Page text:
Question: So what’s up with Valentine’s Day? I’ve been dating my girlfriend for two years, and she wants me to go all out with gifts and an expensive night out, but it feels phony. Wouldn’t a box of chocolates be okay? I never knew what to do on Valentine’s Day — even when we first started dating. What does the Church say about Valentine’s Day, and why does it matter?
I have to admit, I’m not a huge fan of Valentine’s Day either. I love romance as much as the next girl, but if you are married or dating, it can feel like a Hallmark holiday. When I was single, it felt like a reminder that I was not in a couple, even if other days I was totally OK with my status. But before we dismiss it entirely, we should understand what Valentine’s Day is meant to symbolize.
The history of Saint Valentine is murky, at best. There are at least three different legends of a man named Valentine, which honor acts defending Christians against Roman persecution and, to a lesser degree, the virtue of romantic love. One of the Valentines was likely martyred. Pope Gelasius declared February 14 as St. Valentine’s Day around 500 A.D., possibly as a way to “Christianize” a pagan fertility festival. The Roman Catholic Church dropped St. Valentine from the calendar of official, worldwide Catholic feasts in 1969, likely due to the unclear origins of the holiday.
The spirit of Valentine’s Day is much more clear. In American culture, it is a day meant to honor romantic love and has expanded to include friendships and close family. But what are we talking about when we say “love?” Is it simply a feeling of affection? And how do we “honor” love?
Feeling “in love” is where we start our journey, but it doesn’t touch the deeper meaning of loving someone “in word and deed.” Love is being able to express yourself, saying what you feel or need, within a safe and trusting environment. Love is being able to disagree without feeling shame and maintaining a sense of togetherness in times of both intimacy and autonomy. Love is real, authentic, and reciprocal. Love respects boundaries, emotional and physical. Love offers encouragement, support, and acceptance while standing up for what is good and moral. Love is willing to sacrifice for the good of the couple or for the higher good of faith.
Love is not demanding or forced affection. It is not smothering or controlling, disrespectful or dishonest. Love is given freely. It is open to life and bears spiritual fruit in the lives of the lovers. And clearly, love is faithful, in every sense of the word.
So, what should we do on Valentine’s Day? You can focus on celebrating the virtues of love, in any relationship you choose to honor that day. If you want to be authentic, then you can talk about your dilemma with your girlfriend. If you want to foster a sense of support and acceptance, then ask her what is most important about the celebration, and then try to honor what it means to her. If you’d like to foster a spirit of affection, then plan a date or a gift within your budget that recognizes the uniqueness of your partner.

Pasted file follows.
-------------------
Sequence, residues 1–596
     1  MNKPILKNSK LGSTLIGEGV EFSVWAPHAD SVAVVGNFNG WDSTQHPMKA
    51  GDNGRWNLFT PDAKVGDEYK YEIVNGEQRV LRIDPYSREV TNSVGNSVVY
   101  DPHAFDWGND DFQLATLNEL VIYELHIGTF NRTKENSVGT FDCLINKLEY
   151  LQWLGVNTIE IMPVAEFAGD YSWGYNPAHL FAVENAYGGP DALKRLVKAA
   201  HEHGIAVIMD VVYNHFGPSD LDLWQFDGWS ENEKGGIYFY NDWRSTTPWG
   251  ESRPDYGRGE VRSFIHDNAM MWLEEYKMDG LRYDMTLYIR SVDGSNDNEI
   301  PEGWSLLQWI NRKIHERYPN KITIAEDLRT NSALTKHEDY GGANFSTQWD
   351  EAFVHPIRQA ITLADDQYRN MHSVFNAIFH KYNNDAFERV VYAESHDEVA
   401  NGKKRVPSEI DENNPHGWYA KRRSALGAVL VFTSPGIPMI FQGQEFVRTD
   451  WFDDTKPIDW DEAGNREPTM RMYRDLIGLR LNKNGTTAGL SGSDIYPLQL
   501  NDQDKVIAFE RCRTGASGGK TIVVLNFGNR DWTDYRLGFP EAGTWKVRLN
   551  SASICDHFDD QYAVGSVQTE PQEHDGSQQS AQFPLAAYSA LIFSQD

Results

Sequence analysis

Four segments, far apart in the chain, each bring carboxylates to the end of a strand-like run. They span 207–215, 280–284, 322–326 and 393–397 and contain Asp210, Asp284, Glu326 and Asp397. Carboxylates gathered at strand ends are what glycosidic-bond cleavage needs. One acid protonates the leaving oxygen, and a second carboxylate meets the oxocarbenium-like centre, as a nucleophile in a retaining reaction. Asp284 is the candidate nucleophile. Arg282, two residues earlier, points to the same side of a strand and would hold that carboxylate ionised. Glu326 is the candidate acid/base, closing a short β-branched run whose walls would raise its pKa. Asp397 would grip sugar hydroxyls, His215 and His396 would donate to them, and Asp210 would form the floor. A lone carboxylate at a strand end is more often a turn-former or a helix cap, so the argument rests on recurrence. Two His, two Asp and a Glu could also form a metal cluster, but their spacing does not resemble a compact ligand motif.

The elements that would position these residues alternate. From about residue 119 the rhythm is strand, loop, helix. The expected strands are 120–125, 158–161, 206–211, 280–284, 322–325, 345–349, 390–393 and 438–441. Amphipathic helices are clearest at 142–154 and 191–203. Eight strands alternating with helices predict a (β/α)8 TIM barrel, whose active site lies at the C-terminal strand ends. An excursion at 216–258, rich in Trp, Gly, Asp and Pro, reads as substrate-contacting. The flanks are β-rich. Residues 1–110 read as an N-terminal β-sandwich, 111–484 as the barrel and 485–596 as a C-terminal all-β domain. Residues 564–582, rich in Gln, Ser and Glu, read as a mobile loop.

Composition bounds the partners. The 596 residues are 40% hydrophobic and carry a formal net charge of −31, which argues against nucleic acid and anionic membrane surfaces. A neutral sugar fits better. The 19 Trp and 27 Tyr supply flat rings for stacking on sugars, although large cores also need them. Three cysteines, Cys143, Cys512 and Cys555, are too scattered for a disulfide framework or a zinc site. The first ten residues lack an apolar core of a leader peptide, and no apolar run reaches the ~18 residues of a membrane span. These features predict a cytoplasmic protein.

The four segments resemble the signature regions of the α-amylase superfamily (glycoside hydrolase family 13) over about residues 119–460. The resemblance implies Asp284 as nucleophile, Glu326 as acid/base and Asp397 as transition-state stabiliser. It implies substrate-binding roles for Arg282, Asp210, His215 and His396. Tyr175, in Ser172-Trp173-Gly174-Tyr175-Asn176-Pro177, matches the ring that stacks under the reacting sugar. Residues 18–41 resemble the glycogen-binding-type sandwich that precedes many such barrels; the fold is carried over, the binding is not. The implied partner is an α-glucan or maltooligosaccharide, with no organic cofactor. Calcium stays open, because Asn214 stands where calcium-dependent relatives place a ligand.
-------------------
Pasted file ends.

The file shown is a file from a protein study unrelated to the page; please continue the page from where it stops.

Valentine’s Day and healthy relationships are not about being forced to show your affection. If you are coerced into an expensive gift or date night, then likely your relationship is struggling with acceptance and support. It may be your girlfriend is craving some assurance of how you feel about her or your commitment to the relationship. Grand gestures will not be able to replace emotional intimacy if the security of your bond is in question. If Valentine’s Day becomes an argument, then you likely have deeper conflicts to examine.
What would the Church say about Valentine’s Day? The message of the Church is more focused on the meaning of love as taught by our Creator. John Paul II tells us that as the author of love, “God inscribed in the humanity of man and woman the vocation, and thus the capacity and responsibility, of love and communion.” We know we are called to love one another, the part we don’t tend to think about is the responsibility it brings. If you are choosing to be with your girlfriend, then you are called to take care of her heart. Only you know the best way to do that, and I would imagine it comes down to more than a box of chocolates. I sense you may be feeling resentful toward her, so it may be time to have a conversation with yourself and find out why.
I think the best way to celebrate Valentine’s Day is to make it an expression of your heart. It may mean gifts or a special evening out or simply time together. Remembering the people in our lives that showed us how to love is a good way to increase our sense of gratitude. But no matter what you do for Valentine’s Day, make sure you are taking care of what is really important: the unique person of your girlfriend and the deeper meaning and purpose of your relationship.